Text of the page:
11 plead not guilty in Black Lives Matter MOA demonstration

Published 10:21 am Wednesday, March 11, 2015

EDINA — Eleven people charged following a large demonstration last December at the Mall of America pleaded not guilty Tuesday as their supporters jammed into a Hennepin County courthouse.

The 11 defendants, all dressed in black, entered the pleas to a range of misdemeanors, including trespassing and disorderly conduct. Other supporters sang and chanted outside the courthouse main entrance.

“We’re here because black lives matter, and they’re trying to prosecute them for saying that too loud,” shouted Asha Long, leading songs and chants outside.

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After the hearing, the defendants left the courthouse to loud cheers, the Star Tribune reported. Several then took turns speaking to the crowd through a bullhorn.

“We’re wearing black because we are mourning the death of our American moral compass,” Mica Grimm said. The group’s supporters called for a boycott of the Mall of America.

Mall officials and Bloomington police warned the demonstrators they would not approve a gathering inside the building and offered them an outdoor space to protest.

Officials say the “Black Lives Matter” demonstration drew several thousand people to the Mall of America. It was one of many demonstrations around the country following the high-profile deaths of black men at the hands of police officers.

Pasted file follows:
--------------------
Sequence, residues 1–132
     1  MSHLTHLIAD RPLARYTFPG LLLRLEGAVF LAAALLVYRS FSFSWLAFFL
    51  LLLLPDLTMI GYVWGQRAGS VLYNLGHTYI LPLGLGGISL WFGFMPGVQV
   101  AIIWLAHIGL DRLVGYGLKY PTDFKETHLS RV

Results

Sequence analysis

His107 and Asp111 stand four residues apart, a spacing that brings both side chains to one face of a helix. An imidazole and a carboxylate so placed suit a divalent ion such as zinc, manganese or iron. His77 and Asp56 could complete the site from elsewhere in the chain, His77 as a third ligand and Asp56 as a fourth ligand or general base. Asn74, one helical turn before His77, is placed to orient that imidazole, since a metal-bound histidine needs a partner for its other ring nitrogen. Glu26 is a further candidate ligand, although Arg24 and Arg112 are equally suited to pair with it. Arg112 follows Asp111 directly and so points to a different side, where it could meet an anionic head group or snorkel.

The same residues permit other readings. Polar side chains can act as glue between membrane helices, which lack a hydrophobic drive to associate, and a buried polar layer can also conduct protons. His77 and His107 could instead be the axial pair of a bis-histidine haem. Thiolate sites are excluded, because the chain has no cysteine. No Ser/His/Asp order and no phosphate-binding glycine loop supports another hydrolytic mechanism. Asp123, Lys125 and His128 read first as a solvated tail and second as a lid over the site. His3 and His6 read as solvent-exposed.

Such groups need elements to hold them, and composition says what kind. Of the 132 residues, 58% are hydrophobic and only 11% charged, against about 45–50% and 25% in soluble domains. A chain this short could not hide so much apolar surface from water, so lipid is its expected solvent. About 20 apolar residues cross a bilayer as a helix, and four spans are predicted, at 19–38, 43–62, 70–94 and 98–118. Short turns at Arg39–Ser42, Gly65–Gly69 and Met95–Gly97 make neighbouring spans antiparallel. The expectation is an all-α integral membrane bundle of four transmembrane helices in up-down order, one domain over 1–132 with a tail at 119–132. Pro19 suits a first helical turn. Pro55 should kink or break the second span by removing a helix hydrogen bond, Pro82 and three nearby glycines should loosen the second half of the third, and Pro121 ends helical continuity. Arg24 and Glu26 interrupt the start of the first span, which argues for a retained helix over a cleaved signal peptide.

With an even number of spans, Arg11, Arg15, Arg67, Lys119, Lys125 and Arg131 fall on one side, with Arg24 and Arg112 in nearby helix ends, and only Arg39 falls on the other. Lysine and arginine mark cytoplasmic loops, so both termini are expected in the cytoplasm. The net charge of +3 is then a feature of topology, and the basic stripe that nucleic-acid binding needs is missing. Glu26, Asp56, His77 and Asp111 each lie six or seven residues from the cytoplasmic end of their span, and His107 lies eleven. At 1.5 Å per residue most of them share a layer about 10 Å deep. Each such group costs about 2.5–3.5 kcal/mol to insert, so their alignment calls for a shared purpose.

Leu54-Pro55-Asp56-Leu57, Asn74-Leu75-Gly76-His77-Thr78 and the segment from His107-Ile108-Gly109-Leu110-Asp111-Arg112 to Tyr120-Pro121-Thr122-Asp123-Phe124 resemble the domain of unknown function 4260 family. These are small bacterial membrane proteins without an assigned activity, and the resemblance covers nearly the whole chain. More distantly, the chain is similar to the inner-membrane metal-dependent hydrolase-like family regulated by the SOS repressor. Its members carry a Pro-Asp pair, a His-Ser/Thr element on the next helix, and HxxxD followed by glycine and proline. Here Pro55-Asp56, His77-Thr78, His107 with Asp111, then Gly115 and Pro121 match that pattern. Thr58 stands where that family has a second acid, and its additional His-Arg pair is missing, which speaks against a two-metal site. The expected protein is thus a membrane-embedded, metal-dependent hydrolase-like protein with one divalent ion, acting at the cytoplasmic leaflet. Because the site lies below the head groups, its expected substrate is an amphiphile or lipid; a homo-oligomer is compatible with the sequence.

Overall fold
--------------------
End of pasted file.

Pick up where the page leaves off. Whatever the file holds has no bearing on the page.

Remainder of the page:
On Monday, Black Lives Matter released emails that the group contends reveal “disturbing levels of coordination” between the mall and city of Bloomington attorneys in legal decisions arising from the Dec. 20 protest.

The emails, released through a public records request, document communication between Bloomington City Attorney Sandra Johnson and mall officials. In one exchange two days after the protest, Johnson and mall attorney Kathleen Allen discuss whether the mall should pursue a lawsuit in addition to possible criminal charges by the city, the Star Tribune reported.

Johnson said Tuesday her exchange with the mall was no different from what she would have with “someone who has suffered a loss as a result of criminal conduct.” She said her advice to the mall simply was to allow the criminal proceedings play out and to let the prosecution worry about deterring future criminal conduct at the mall.

“I don’t think we’re in cahoots,” Johnson told The Associated Press.

In a statement, the Mall of America said it was aware of the release of several partial email exchanges between the mall and the city of Bloomington.

“Mall of America has cooperated with the City of Bloomington before, during and after the demonstration,” the mall’s statement said.